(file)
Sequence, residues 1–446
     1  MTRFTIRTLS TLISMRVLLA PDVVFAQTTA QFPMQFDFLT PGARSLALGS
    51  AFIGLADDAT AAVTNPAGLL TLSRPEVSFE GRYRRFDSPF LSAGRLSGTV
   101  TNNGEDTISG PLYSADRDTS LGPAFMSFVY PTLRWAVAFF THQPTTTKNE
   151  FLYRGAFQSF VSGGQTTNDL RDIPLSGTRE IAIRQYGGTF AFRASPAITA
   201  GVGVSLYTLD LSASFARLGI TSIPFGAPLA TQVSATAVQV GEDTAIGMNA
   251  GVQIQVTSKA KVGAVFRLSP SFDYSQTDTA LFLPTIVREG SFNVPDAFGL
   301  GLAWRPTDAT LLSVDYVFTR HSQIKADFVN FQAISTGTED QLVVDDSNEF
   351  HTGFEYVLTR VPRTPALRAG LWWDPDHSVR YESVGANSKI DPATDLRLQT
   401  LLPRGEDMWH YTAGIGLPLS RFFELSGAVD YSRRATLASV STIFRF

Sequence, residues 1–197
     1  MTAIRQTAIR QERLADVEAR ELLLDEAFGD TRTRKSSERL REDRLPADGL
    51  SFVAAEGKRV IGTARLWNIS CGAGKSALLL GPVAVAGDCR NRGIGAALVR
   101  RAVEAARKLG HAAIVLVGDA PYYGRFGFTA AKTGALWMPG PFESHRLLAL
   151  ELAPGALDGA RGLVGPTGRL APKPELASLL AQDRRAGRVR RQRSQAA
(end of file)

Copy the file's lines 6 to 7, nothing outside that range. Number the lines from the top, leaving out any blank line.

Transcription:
   201  GVGVSLYTLD LSASFARLGI TSIPFGAPLA TQVSATAVQV GEDTAIGMNA
   251  GVQIQVTSKA KVGAVFRLSP SFDYSQTDTA LFLPTIVREG SFNVPDAFGL